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Anti-Semitism and the far left: a brief history

31 August 2018

4:51 PM

31 August 2018

4:51 PM

Why does Jeremy Corbyn show such disdain for the mainstream Jewish community? Why does he prefer to associate with terrorist “friends” in Hamas and Hezbollah? And why does the Corbyn clique now in charge of Labour insist on diluting the internationally accepted definition of anti-Semitism?

The fact is that – despite its own boasts about “anti-racism” – the far-left has had a longstanding problem with Jews, and not just with “Zionists.” This problem pre-dates 1844, when Karl Marx published On The Jewish Question; but Marx’s essay is a good place to start.

In On the Jewish Question, Marx tied up Jews with capitalism: “What is the worldly religion of the Jew? Huckstering. What is his worldly God? Money….Money is the jealous god of Israel, in face of which no other god may exist…The chimerical nationality of the Jew is the nationality of the merchant, of the man of money in general.” For Marx, in order for there to be human progress, capitalism, and with it, “the empirical essence of Judaism,” had to be abolished. Despite some of Marx’s most ardent supporters’ attempts to excuse Marx’s words by placing them “in context” or otherwise, this reeks of a standard anti-Semitic trope through the years.

Marxists see everything in terms of power relations. As Marx and Engels explained in the Communist Manifesto, political power is “merely the organised power of one class for oppressing another.” The ruling class, which is the capitalist class, oppress the proletariat or the working class. Marx and Engels demanded the “forcible overthrow of all existing social conditions.” Force is required, for as Engels explained, “in history nothing is achieved without violence and implacable ruthlessness.”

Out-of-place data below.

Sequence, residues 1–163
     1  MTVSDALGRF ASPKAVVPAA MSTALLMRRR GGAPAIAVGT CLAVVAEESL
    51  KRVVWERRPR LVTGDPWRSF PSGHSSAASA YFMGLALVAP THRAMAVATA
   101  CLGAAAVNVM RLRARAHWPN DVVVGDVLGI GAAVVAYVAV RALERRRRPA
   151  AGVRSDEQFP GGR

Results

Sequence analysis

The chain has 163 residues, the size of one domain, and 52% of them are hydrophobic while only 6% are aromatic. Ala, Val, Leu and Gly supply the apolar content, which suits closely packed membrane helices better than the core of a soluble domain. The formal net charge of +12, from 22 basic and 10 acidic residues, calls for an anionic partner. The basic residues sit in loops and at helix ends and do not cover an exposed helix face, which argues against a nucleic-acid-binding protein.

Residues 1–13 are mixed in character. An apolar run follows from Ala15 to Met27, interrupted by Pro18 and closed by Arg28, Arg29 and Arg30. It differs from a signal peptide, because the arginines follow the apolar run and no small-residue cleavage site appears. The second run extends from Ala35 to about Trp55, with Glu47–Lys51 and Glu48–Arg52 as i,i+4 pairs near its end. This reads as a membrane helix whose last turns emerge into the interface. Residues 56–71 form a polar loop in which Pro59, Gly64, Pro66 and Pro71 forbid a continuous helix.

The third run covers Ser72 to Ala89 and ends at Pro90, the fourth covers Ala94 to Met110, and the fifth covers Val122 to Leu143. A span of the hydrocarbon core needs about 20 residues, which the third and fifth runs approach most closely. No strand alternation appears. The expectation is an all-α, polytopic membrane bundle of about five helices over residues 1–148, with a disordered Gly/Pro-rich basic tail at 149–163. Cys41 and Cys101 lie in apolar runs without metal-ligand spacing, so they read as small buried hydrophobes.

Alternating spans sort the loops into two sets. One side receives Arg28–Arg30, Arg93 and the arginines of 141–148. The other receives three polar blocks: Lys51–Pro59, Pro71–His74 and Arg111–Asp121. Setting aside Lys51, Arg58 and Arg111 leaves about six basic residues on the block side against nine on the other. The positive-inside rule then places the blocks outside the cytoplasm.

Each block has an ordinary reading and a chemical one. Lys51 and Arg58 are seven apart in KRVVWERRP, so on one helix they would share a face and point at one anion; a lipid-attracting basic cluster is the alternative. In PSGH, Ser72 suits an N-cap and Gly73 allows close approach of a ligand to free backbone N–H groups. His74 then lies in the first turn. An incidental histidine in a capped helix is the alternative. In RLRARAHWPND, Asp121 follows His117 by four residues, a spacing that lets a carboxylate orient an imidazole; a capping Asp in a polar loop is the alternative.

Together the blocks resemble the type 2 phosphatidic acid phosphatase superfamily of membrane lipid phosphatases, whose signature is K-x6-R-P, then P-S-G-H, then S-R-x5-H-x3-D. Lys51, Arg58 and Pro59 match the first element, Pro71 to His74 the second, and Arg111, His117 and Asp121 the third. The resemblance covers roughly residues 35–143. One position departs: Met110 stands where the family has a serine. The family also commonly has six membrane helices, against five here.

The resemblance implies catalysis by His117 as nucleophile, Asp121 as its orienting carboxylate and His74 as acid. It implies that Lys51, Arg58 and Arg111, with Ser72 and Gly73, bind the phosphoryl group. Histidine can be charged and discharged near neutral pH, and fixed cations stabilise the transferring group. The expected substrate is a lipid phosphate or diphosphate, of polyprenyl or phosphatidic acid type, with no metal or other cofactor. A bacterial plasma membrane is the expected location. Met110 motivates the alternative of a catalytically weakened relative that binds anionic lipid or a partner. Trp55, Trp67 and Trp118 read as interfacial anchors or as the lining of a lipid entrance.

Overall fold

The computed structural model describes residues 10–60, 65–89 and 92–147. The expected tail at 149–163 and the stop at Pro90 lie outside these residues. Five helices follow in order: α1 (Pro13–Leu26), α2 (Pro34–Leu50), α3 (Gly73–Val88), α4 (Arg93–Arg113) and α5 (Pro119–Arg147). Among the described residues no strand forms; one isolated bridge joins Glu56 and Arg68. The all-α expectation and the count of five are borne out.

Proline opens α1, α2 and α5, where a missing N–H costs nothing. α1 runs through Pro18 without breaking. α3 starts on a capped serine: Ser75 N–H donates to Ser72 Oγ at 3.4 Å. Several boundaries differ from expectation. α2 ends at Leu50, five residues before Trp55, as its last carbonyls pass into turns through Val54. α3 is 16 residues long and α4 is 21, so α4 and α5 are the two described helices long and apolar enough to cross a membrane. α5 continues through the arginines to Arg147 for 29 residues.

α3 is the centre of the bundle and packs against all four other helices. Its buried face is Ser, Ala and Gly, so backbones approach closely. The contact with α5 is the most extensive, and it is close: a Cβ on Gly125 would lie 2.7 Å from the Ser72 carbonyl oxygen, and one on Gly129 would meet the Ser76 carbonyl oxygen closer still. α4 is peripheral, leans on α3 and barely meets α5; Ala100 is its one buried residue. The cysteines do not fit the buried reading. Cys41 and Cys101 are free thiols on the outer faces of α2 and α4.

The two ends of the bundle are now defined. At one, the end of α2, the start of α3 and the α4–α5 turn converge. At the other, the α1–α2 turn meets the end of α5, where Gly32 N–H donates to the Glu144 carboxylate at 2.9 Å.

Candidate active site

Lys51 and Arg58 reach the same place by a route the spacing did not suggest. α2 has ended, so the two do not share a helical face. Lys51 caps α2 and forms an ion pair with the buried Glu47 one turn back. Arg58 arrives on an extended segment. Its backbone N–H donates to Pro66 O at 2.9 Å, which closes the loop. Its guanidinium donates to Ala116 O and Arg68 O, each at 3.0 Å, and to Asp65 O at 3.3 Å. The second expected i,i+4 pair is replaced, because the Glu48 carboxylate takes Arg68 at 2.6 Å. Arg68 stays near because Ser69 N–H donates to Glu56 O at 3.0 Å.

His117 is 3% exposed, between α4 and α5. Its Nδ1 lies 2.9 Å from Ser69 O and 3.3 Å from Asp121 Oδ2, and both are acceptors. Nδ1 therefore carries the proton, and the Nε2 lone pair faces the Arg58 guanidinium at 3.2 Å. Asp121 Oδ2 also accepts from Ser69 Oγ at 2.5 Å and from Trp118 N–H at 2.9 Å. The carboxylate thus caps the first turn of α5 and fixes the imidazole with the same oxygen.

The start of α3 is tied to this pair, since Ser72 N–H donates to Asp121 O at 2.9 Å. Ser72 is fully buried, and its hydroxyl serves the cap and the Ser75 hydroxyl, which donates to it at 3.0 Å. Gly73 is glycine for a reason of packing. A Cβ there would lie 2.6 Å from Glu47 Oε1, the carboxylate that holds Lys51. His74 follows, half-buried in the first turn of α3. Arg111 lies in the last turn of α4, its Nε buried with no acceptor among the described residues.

Jews and/or Judaism are thus tied up with money, with power, and with oppression. Through such an analysis, violence and demonisation of Jews are justified by some leftists. Consider Ulrike Meinhof of the Marxist Red Army Faction. For her, hatred of Jews was actually the hatred of capitalism. As a witness at the trial of Horst Mahler in 1972, she posed the question “How was Auschwitz possible, what was anti-Semitism?” Her stated opinion: “Auschwitz means that six million Jews were murdered and carted on to the rubbish dumps of Europe for being that which was maintained of them—Money-Jews.” Also, for her, the murder of the Israeli Olympic team at 1972 Munich Olympics was not only justified but something that could be praised.

Sections of the contemporary left insist they are only attacking Zionists, they are not attacking Jews. This might be more believable if they did not use the very same themes by tying up Zionists with money and political power. As examples, one can note a 1979 comment by an activist in the National Union of Mineworkers that it was “Zionist money power” that lay behind imperialism and the oppression of the Palestinian people. In a 1983 editorial of their newspaper, the Workers Revolutionary Party spoke of a “powerful Zionist connection” that stretched from such places as the top of the BBC, through to Margaret Thatcher’s government and right into Ronald Reagan’s White House. Whether it be Jews or “only Zionists,” the attacks are the same: they can be despised and justifiably attacked for political power, money, and oppression.